Mental Health Minute

May 15, 2020

From Kids to Adults... Why is Remote Learning and Working so Exhausting?

How to Deal With Video Calls, Zoom Fatigue and Remote Relationships

Read the full article from GOOP HERE

You may have noticed: There is a special kind of tiredness that comes from a day of Zoom calls, despite the fact that they can take place without you ever leaving your couch (or your sweats). More strangely, this fatigue can hit even after meetings with coworkers you love and friends you miss very much.

Part of that feeling is explained by factors we can easily identify: Research tells us that videoconferencing invites cognitive overload from the strain of trying to read people through a flat grid of their faces. We allow colleagues to schedule too many of them too close together. And it’s freaking weird—and deeply absorbing and distracting—to be presented with the reality of your own face while you’re talking to other people.

But other parts are more diffuse; they are reasons that stem from the requirements of our present reality. Pretending to be energized by a conversation you had hunched over your laptop that you might normally have had on a laughter-fueled walk to get coffee is exhausting. Knowing that a screen is the closest you’ll get to someone you care about for a while is exhausting. Engaging in the denial of those cumulative losses—which can be easy to do, when the presence of someone is so closely simulated—is exhausting.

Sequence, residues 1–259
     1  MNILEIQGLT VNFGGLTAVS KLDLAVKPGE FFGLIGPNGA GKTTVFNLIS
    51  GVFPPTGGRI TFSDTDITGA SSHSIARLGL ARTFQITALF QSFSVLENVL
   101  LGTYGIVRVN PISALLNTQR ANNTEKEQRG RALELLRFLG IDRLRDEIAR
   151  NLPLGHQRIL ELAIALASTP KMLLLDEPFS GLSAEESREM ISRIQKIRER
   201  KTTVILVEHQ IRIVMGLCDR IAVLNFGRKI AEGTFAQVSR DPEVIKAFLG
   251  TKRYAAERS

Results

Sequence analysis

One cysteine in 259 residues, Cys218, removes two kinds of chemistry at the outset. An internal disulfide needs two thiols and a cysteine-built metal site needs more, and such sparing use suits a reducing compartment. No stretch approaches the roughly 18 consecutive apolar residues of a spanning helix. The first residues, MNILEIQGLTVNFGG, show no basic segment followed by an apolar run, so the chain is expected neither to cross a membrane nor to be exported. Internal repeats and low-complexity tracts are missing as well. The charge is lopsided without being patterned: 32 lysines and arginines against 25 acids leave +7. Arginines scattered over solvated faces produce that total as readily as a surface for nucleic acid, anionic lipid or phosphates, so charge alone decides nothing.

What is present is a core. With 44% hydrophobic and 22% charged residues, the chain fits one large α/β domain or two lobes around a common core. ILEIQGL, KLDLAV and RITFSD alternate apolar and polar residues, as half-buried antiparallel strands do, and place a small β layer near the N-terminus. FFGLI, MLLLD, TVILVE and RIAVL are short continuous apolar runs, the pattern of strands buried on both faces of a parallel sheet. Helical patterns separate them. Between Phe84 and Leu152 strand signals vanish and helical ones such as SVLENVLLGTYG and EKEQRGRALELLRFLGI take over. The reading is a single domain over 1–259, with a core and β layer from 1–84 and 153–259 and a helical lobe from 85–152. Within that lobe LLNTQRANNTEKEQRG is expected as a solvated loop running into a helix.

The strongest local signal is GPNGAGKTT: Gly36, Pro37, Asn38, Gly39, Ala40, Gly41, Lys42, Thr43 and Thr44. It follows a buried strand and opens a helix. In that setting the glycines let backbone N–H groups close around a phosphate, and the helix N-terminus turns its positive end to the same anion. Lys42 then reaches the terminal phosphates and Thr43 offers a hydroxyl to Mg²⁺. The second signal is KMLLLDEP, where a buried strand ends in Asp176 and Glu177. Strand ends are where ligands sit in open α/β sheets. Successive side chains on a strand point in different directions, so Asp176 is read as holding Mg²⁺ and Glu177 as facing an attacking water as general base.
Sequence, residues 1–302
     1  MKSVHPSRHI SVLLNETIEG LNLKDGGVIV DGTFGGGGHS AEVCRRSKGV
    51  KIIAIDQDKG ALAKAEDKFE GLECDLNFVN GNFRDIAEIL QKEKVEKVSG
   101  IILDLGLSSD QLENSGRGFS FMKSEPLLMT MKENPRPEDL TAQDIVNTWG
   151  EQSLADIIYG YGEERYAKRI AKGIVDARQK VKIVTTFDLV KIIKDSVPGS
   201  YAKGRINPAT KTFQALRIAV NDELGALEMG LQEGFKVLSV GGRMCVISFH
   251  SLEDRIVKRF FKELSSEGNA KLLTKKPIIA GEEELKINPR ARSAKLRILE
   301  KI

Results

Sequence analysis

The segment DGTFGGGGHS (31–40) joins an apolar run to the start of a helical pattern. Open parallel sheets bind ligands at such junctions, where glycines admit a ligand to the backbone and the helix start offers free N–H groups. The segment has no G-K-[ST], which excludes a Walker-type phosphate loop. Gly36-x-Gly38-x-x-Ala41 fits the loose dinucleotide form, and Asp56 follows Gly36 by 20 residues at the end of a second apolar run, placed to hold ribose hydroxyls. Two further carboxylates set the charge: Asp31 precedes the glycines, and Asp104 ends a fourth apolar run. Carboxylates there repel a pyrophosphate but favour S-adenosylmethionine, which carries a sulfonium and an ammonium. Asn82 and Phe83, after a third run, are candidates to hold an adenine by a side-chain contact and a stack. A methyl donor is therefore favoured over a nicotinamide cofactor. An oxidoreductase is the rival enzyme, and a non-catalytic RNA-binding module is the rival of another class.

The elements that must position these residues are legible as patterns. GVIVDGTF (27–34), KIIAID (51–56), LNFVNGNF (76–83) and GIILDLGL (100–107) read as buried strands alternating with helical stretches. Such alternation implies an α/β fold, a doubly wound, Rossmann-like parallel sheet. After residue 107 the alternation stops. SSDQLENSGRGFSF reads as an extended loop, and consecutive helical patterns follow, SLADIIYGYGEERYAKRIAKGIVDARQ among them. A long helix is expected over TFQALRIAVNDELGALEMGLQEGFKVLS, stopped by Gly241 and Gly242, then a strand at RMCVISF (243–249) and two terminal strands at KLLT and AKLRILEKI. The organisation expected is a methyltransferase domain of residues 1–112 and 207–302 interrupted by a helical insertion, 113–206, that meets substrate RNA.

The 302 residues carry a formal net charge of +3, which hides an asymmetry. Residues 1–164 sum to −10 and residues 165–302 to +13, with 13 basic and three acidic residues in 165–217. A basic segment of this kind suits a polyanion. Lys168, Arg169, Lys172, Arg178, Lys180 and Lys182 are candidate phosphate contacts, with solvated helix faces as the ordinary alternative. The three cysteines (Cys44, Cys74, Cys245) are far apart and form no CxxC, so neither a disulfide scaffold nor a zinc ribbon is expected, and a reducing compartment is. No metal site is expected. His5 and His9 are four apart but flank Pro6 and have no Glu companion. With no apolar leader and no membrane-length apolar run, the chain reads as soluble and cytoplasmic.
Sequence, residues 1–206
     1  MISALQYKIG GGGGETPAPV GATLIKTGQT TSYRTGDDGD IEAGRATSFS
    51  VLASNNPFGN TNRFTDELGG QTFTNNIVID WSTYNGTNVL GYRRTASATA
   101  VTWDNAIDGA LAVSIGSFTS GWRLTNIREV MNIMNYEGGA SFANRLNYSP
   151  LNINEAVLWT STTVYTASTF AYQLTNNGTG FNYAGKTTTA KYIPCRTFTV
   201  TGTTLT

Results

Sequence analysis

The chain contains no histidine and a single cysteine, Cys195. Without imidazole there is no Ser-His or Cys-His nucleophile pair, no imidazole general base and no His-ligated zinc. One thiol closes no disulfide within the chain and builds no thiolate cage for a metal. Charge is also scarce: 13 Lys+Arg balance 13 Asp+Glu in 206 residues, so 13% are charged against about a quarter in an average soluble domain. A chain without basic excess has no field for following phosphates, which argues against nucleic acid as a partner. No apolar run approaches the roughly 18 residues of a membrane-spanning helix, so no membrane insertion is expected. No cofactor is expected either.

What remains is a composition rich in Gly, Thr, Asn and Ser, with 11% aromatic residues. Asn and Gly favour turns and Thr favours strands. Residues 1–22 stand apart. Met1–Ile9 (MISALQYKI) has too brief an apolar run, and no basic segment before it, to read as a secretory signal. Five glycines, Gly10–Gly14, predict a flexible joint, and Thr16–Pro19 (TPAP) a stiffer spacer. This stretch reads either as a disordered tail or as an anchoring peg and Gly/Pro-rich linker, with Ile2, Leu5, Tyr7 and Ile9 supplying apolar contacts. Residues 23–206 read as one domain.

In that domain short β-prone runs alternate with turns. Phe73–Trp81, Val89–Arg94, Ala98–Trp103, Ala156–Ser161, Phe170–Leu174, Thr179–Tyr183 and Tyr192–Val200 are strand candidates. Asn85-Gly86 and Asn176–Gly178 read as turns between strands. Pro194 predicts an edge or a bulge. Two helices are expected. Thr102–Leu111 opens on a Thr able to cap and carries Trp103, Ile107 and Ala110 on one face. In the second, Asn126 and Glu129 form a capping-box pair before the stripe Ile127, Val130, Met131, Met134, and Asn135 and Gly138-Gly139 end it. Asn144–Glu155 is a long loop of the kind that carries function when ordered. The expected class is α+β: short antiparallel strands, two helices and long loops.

“We are exhausted by video calls being the only outlet for intimacy that we have in most of our relationships,” says psychiatrist and INSEAD professor Gianpiero Petriglieri. We asked Petriglieri (over the phone, don’t worry) to help us understand what we’re feeling and to highlight some solutions. More critically, he helps us identify some of our more complex emotions about the specific challenges of current at-home work.

Moving Forward While Staying Put

“Mister, how do I get motivated?” As a school counselor I’ve been asked this question more times than I can count but especially over the past few weeks as Covid-19 has forced us into remote learning. This question, “How do I motivate myself?” is one we have all asked ourselves because it is a natural human instinct. If I can just find the trailhead marked Motivation, the path to the top of the mountain will unfold in front of me. However, time and time again we find this is a misguided starting point. Rather than focus on motivation as a place to begin, we realize instead that motivation comes as a product of the journey.

In his well-known 2014 commencement address at the University of Texas, Navy Seal William McRaven’s thesis was, “If you want to change the world, start by making your bed.” As the speech progresses, McRaven makes the point that by starting the day with this one small, familiar task one then will decide to do the next thing, and then the next thing until their progress snowballs into monumental accomplishments with great impact – a changed world. McRaven does not say read a book of quotes until you find the perfect one to motivate you, then make your bed. No. Simply, make your bed.

What McRaven is speaking to is the power not of motivation but of something much more powerful: momentum. While motivation may ebb and flow with our emotions, momentum is a physical law of our universe. As Isaac Newton’s First Law of Motion reminds us, an object in motion tends to stay in motion. Flustered by physics? Take, instead, the phrase, “Keep the ball rolling.” This phrase, dating back William Henry Harrison’s 1840 presidential campaign practice of pushing a 10-foot-wide ball filled with campaign slogans through small towns is easy to understand. Once you get this massive thing rolling, it will be impossible to stop.